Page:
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Sober Bars Are on the Rise. Here's What You Need To Know About Them

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For the sober or sober curious, going out to a bar used to mean navigating a menu devoid of mocktails, with only a couple of fruit-based beverages, sodas, or water as an option. But the demand for nonalcoholic beverages in the United States has risen noticeably in recent years, and not just during Sober October or Dry January. According to a study by NielsenIQ, 22% of consumers reported drinking less and cutting back on alcohol in 2021. Enter the rise of the sober bar, where mocktails are given priority over cocktails and socializing doesn't revolve around getting drunk. And plenty of people are raising a glass to that.


What Exactly is a Sober Bar?

While there's a growing number of bars that offer robust mocktail sections on their menu, a true sober bar focuses on alcohol-free drinks. Menu items might include elaborate mocktails, but they could also include kombucha, nonalcoholic beer or wine, bitters mixed with soda, and other zero-proof mixed drinks. Alcohol-free bars often function in the same way as regular bars, hosting events that can be enjoyed without booze. Inmoxicated in Racine, Wisconsin, offers karaoke nights and happy hours with $2 off handcrafted “cocktails.” At Unimpaired in Iowa City, Iowa, patrons can shoot pool and throw darts while drinking holiday beverages such as The Santa, made with raspberry, cherry, and nonalcoholic whiskey.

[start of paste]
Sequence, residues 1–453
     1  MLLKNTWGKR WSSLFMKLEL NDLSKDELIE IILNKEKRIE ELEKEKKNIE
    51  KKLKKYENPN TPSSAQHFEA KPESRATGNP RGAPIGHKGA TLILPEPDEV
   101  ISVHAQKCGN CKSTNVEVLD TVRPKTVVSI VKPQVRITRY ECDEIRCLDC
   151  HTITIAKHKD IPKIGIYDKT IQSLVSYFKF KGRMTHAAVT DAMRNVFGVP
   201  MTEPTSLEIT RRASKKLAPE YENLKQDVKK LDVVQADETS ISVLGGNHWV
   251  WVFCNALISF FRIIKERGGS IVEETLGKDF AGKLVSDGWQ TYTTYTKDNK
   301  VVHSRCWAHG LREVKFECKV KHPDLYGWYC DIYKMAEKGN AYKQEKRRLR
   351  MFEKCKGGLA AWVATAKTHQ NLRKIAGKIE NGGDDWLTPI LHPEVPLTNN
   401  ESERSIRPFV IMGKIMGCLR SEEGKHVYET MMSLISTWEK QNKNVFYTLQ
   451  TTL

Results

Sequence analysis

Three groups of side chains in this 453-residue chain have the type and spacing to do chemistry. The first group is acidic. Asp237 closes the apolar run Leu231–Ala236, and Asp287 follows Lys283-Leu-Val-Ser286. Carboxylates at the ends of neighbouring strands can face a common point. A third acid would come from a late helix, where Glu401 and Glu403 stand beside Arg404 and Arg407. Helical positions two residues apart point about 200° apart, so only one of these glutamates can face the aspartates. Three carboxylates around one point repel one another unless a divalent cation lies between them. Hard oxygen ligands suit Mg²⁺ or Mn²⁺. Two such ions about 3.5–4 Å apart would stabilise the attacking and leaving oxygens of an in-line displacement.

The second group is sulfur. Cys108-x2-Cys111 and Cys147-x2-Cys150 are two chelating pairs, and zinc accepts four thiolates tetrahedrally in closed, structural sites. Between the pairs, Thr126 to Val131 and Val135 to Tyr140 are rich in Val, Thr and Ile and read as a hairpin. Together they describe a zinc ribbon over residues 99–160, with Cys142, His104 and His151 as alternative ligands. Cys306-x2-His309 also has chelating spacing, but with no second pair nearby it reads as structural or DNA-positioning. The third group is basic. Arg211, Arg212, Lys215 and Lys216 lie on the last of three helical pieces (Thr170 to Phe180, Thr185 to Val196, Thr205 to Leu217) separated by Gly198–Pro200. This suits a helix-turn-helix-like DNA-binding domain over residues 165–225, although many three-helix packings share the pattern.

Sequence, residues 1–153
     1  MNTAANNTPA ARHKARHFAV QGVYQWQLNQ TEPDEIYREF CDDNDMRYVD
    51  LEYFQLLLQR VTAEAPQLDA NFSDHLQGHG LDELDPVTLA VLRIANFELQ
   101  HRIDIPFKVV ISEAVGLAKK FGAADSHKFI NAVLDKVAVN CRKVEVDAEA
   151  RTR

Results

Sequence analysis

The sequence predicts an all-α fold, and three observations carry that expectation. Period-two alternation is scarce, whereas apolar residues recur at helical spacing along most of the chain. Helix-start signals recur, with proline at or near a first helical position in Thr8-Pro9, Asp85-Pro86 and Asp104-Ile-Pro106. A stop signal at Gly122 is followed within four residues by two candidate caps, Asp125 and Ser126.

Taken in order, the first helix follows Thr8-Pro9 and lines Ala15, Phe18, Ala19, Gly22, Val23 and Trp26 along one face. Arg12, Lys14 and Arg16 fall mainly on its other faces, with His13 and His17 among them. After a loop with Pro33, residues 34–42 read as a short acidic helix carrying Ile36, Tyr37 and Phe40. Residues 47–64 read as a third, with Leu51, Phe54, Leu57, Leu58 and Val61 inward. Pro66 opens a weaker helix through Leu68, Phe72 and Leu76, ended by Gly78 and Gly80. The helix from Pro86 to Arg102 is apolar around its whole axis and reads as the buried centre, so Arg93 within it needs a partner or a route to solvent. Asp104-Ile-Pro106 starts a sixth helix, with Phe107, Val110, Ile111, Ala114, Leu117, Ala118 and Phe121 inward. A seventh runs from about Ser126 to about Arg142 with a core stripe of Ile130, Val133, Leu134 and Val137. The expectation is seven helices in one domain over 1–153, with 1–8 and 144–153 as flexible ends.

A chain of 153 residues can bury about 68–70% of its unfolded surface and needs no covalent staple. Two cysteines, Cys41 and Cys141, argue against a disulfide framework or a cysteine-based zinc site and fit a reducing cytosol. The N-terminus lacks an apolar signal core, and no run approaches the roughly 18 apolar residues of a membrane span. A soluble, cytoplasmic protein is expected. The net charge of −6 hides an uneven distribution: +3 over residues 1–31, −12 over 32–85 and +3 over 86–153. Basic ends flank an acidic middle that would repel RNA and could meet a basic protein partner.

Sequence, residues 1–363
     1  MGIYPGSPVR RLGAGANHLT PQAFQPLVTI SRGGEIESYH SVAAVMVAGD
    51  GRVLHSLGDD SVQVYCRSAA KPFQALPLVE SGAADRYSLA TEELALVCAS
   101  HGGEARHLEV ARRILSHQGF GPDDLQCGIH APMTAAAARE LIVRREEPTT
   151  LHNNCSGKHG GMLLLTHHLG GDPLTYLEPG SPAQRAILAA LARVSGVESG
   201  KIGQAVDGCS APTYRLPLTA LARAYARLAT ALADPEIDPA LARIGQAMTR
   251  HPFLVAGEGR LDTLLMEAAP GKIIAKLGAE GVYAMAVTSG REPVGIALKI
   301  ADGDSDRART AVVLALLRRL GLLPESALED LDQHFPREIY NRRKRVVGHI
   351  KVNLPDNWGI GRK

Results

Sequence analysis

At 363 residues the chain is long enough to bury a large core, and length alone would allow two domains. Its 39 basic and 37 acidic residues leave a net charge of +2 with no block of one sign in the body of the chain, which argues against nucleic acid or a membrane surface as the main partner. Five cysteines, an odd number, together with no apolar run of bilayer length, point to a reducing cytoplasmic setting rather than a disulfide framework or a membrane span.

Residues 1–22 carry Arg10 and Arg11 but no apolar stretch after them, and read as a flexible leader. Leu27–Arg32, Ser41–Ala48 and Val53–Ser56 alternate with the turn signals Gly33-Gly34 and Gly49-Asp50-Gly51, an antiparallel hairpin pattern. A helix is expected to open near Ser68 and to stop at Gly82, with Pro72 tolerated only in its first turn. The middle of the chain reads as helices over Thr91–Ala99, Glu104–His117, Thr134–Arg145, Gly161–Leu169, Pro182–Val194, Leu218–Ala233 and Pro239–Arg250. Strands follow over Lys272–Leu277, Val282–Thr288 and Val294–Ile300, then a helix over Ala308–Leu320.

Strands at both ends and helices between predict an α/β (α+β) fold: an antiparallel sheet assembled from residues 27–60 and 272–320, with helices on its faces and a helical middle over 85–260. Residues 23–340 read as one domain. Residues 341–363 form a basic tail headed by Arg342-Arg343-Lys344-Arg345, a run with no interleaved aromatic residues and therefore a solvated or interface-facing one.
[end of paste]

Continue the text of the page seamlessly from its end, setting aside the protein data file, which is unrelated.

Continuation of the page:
Sober bars go back at least to the 18th century, when a Gin Craze — and subsequent alcoholism — swept across England and a temperance movement arose in response. Moderation or complete abstinence of alcohol was encouraged, and “temperance bars” that didn’t serve alcohol became increasingly popular. Sober bars can be considered the 21st century's temperance bars, and a response to the sober curious movement.



Who Are Sober Bars For?

Sober bars are for everyone, whether you drink alcohol or not. The rise in nonalcoholic bars has coincided with a growing “sober curious” movement, which encourages people to explore what their life might look like without alcohol. For many drinkers, eliminating or taking a break from alcohol leads to substantial health benefits: better sleep, a decrease in anxiety, and lower blood pressure, to name a few. Alcoholics in recovery may find that sober bars offer a safe space to socialize without the pressure of drinking — though, for some, the mere environment of a bar may be a harmful trigger. It’s up to each individual to determine whether a sober bar is right for them.


Are Sober Bars Cheaper Than Regular Bars? 

One benefit of frequenting a sober bar: It’ll save you some money. Because the drinks lack alcohol (arguably the most expensive component of a cocktail), prices are more on par with lattes or fresh fruit juice than cocktails. At Unimpaired, you might find a “martini” for $6 or a "piña colada" for $7. And for patrons who find that the drunker they get, the more money they spend — well, that won’t be happening at a sober bar.


Gallery: The Most Delicious 'Dirty Sodas' You Can Make at Home


Where Are the Sober Bars? 

While sober bars aren’t in every state yet, the past few years have seen this type of bar opening in cities across the U.S. In addition to Unimpaired and Inmoxicated, Sans Bar in Austin, Texas, is a well-known sober bar, offering handcrafted mocktails and live music. Listen Bar, a pop-up that started in New York City, brings its booze-free festivities to virtual and IRL events. The Other Side, a sober bar and cafe in Crystal Lake, Illinois, serves raspberry “palomas” and blood orange “mojitos,” while New York City’s Hekate, a sober bar and specialty tea shop that opened in early 2022, offers mocktails such as The Healer, Spring Spritz, and Earthbound. And if you’re hankering to make your own zero-proof cocktails instead, visit spirit-free bottle shops such as The New Bar in Venice, California; Gem Bar Bottle Shop in Pitman, New Jersey; and Sipple in Houston, Texas. 


What do you think of sober bars? Tell us in the comments.

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